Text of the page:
St. Louis area schools see rise in failing grades amid pandemic | 'A dramatic change'
By - PeddlerOfMisery
I think it’s also important to remember kids mental heath. I have a 6th grader and a 1st grader and the past 15 months have been so hard on them mentally and emotionally. From school abruptly ending last spring to fearing hanging out with friends to going back to school in person with masks and so many rules and the seemingly endless quarantines because they were exposed to another kid who tested positive. I can’t fault kids for “checking out”. It’s been rough.
Schools tough man. I think a lot of people just write off kids as being so resilient to anything but this was a weird thing to happen that not only caught kids by surprise but teachers too. I feel for em
What is weird is not every district has the same trend. A few have nearly the same rates compare to before the pandemic.
Would be more interesting if there was data for every district in the area and across the states.
We have friends in districts that are showing improvement during the pandemic. Parents there have reported that tests are open book, open notes. I'm sure that there are other "accomodations" that are helping students keep their grades up, but failing them when it comes to actual learning.
As a teacher, believe it or not this is not necessarily a bad thing (even though it makes me sound like a jerk to say that). Hear me out:
We want an educated populace and we also want to - as teachers - instill the value of hard work. If you take a look at the teacher subreddit (and my own anecdotal experiences), many students this year as opposed to previous years are putting in NO effort. This is NOT because teachers are making it harder on the students nor is it because the workload has stayed the same (I think all teachers would agree that we are making DRAMATIC changes to accommodate students during this difficult time). Workload have drastically decreased, accommodations have drastically increased.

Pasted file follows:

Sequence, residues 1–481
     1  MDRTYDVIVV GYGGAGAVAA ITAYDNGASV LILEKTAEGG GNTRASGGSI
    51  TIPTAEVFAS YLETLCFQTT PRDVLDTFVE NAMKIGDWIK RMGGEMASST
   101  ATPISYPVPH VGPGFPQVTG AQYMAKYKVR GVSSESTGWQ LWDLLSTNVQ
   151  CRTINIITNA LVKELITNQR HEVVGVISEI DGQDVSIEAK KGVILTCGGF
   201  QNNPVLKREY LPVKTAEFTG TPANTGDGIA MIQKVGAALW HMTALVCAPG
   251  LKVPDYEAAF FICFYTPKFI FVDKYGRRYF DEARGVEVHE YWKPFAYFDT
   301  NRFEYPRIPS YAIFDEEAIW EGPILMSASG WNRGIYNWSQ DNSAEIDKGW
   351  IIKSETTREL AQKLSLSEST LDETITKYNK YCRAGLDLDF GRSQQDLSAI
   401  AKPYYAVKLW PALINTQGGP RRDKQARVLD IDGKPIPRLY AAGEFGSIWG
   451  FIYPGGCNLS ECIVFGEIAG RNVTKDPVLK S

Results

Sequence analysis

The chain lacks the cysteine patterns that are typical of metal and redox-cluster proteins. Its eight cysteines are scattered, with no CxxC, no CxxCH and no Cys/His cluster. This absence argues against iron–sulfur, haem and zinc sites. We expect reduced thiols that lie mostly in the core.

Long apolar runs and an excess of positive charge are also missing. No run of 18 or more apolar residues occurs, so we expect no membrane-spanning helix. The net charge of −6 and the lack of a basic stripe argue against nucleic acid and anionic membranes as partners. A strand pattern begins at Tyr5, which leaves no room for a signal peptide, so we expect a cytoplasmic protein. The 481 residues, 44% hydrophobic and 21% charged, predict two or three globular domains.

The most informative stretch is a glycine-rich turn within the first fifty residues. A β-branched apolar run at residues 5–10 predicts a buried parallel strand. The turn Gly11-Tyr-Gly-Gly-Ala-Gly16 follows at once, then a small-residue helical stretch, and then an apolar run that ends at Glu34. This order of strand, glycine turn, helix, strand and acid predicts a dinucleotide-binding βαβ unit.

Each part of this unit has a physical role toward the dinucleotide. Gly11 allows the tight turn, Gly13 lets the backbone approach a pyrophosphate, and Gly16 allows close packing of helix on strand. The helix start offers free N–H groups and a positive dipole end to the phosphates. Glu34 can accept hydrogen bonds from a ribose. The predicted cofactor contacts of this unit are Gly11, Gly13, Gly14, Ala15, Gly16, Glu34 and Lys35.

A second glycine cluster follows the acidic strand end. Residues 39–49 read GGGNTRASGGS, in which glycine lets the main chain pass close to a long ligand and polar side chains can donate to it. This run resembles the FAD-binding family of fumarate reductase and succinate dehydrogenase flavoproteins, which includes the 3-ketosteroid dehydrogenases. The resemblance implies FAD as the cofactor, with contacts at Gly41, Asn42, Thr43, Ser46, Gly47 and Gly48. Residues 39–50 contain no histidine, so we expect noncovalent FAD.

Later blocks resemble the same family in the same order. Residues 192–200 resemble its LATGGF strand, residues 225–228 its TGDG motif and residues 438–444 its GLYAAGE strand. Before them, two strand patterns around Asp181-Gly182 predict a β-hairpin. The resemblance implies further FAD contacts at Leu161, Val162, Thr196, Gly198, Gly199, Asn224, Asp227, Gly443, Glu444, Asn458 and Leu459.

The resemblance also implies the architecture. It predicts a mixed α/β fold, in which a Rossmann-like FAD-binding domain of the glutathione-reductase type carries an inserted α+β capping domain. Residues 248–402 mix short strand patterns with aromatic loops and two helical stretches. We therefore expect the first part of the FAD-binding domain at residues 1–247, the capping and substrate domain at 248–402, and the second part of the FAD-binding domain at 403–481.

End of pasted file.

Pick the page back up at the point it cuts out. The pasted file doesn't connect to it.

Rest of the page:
Yet many students just don’t “show up” - sometimes literally - to Zoom or hybrid classes.
So what do teachers do? Pass them unnecessarily or fail them? If we want to maintain some integrity in the educational system and - most importantly - ensure that they are ready for the next level of education, you just have to fail them.
The scary thing is that many will look at this headline and come up with alternative views: teachers are lazy, schools aren’t understanding the struggle during a pandemic, students might not have access to high quality internet and this is all the reason why students are struggling.
I can assure you, every possible accommodation has been made. Unfortunately, sometimes students have to fail because the teachers/schools love the students too much to pass them.
Now let me prepare for the downvotes.
I'm not going to downvote you, as I don't believe that you are wrong. I also believe that it is unfair to say that "every possible accommodation has been made " I assure you that I believe that is true in YOUR classroom. As a mother of six children, I just don't see this everywhere. We live in a highly rated district and my children are great students, but I often see where teachers are out due to illness or exposure. The substitutes don't know what is going on. My sophomore daughter has been quarantined 3x due to "possible exposure." The zoom classes were a joke. She ended up dropping a computer course because the modules had to be completed in the classroom. They didn't work on the chrome books. I'm not ripping on teachers as a whole, but like anything, there are tiers. Thank you for your dedication.
Absolutely! You're right that I shouldn't have generalized *so* much.
However, I was really more thinking about the sub-context of this headline: students are failing and what is the reason? Many people would argue everything *except* the students. What I am saying is that, sometimes, there is a really simple explanation: students didn't work. It makes me sad, but sometimes it is indeed the truth.
I get your point that these failures aren’t necessarily the result of teachers’ or schools’ policies (it just is what it is given online learning during a pandemic). I also get that the least bad option many times is giving the student a failing grade. Where you lose me is when you say this isn’t necessarily a bad thing.